8 June 2017
8 June 2017,
 Off

Energy management across different sectors

What does energy management mean for Boots UK?
“As a responsible business, we know that it’s important to work on a wider scale to help tackle energy issues. We champion change towards a low carbon economy and have an EnergyCare program through which we deliver our energy management and reduction strategy across our business.
As part of our EnergyCare program we are committed to a 30 percent reduction in our carbon footprint by 2020 (compared to a 2005 baseline). As members of the Prince’s May Day Network, we are part of a network of businesses committed to working collaboratively to tackle climate change, helping to build a sustainable future for our planet.
At BootsUK, we have invested in our own energy generation since 1915 when our first Combined Heat and Power (CHP) Plant was constructed at the Island Street site in Nottingham. Fast forward to today and we still follow this same principle through our highly efficient CHP energy centre at our site in Beeston which generates the majority of the energy for our 300 acre Nottingham Support Office, logistics and manufacturing site. Our other sites, stores and warehouses across the UK use 100 percent certified green electricity (excluding landlord supplies).
We are strongly committed to energy reduction, however this isn’t about simply investing in the latest technology; it’s about having great insights and information and using this to invest wisely in real solutions that will work for our c.2,500 stores. Since 2009, we have invested over £20 million in technology to reduce energy consumption in stores, for example by replacing inefficient lighting with LED (light emitting diode) technology. We’ve also taken learnings from our stores which champion low carbon technology and using the information from the trial technologies installed, we make the best investments through improvements in the heating, ventilation and air conditioning (HVAC) systems and utilise automated building management systems, for example, to increase control of energy consumption.
We take energy management and reduction very seriously; it helps to enable the success of our collective business plan and allows us to have a holistic management of energy and carbon. Our integrated energy reduction strategy fits within our overall business objectives.”

What does energy management mean for Bourne Leisure?
“With the spend on utilities being the third largest annual operating cost to our business, the efficient use of energy and water represents a significant opportunity to boost the profitability of the company. Coupled with this internal driver, our guests and holiday home owners and our team members are becoming more expecting of more environmentally friendly ways of operating as sustainability and environmental responsibilities become more commonplace in our lives.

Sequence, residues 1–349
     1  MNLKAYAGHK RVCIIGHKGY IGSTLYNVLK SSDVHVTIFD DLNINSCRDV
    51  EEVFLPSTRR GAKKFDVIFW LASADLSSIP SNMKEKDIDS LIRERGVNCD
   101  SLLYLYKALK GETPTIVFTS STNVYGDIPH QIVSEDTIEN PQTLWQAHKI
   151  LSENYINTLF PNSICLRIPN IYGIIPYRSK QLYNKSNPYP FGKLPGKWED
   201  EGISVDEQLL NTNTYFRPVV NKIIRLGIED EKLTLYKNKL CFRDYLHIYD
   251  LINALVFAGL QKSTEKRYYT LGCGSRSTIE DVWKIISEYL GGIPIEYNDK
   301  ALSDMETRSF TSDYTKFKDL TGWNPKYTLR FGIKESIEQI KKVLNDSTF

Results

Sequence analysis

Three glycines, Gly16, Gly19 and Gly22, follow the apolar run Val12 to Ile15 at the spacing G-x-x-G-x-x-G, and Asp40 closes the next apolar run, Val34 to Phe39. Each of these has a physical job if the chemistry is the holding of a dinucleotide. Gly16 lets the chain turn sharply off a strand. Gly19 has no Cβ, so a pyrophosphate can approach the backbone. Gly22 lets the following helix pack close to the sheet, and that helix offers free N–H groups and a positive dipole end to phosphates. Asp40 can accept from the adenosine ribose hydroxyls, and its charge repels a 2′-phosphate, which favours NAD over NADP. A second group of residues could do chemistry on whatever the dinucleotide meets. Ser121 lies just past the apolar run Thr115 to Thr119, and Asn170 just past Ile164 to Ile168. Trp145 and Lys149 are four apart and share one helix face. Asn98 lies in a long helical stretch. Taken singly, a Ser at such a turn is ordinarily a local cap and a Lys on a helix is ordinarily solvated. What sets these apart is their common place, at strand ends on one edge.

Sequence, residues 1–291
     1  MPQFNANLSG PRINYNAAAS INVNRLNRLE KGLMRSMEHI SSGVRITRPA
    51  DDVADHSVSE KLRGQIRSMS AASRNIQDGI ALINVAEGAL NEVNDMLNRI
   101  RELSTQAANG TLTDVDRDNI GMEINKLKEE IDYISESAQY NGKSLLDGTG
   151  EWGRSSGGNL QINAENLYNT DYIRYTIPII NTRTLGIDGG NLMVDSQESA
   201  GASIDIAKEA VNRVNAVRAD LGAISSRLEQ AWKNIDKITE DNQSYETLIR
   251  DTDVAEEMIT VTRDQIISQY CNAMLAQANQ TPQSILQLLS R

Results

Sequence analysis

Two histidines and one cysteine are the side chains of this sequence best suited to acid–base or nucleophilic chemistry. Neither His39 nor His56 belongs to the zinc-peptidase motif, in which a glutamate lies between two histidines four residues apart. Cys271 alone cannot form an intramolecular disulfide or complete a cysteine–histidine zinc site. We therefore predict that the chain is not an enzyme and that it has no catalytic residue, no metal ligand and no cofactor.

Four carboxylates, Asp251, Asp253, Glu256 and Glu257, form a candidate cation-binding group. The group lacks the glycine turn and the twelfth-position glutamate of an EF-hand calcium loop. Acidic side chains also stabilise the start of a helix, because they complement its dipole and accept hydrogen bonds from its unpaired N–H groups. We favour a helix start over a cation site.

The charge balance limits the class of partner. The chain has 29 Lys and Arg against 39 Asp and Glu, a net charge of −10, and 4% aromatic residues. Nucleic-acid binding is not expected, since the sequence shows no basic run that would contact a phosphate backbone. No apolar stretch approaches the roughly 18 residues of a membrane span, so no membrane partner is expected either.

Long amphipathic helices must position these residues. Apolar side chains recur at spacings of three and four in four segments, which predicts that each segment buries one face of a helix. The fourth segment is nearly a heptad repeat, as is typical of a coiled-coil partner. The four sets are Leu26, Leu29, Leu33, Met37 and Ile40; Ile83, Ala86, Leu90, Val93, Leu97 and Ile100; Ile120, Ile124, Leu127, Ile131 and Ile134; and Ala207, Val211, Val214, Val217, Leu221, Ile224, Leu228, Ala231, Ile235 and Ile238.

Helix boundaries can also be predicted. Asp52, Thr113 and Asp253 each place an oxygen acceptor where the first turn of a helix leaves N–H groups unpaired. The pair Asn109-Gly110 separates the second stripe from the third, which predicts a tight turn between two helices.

Energy Management in all its forms is therefore an important part of our daily operation across all levels of our team. From low cost, high value initiatives such as team engagement and a review of operational procedures to highcost capital projects including new building and venue design.
It was important to achieve Board level involvement early on and our CEO was happy to support this and sit on our cross brand Sustainability Working Party with representatives from all operational brands.”

What does energy management mean for the University of Essex?
“From personal perspective energy management at the university is all things to all men. As we evolve from Government funded leviathans to dynamic providers of quality education and research in a global market, protecting the bottom line has become ever more important. Of course blowing the energy managers’ trumpet our actions and decisions play an ever-increasing role in protecting the employer, while delivering efficiencies and saving.
As well as saving energy, there are forgotten parts to the role which are imposed upon us, the stuff which stops a knock on door from the authorities, such as DEC’s and ESOS to name but a few and there is the soft part of the remit, the hearts and minds of the staff and students.
The University sector as a whole has acknowledged its sustainable responsibilities both through the curriculum and through its actions, driven by people like you and me, the energy managers. I consider myself an ambassador for institution, influencing students, staff and visitors from around the world to save energy, not just on campus, but at home, wherever that may be. It is evident energy managers within the sector can play a significant role in informing, educating and influencing stakeholders from around the world to meet our organisations wider sustainable objectives.”

What does energy management mean for your organisation?  Let the EMA know, email: enquiries@theema.org.uk.

The above examples are extracts from articles in the May-June 2016, July-August 2016, September-October 2016 issues of The EMA Magazine. For the full articles please access the respective issues.

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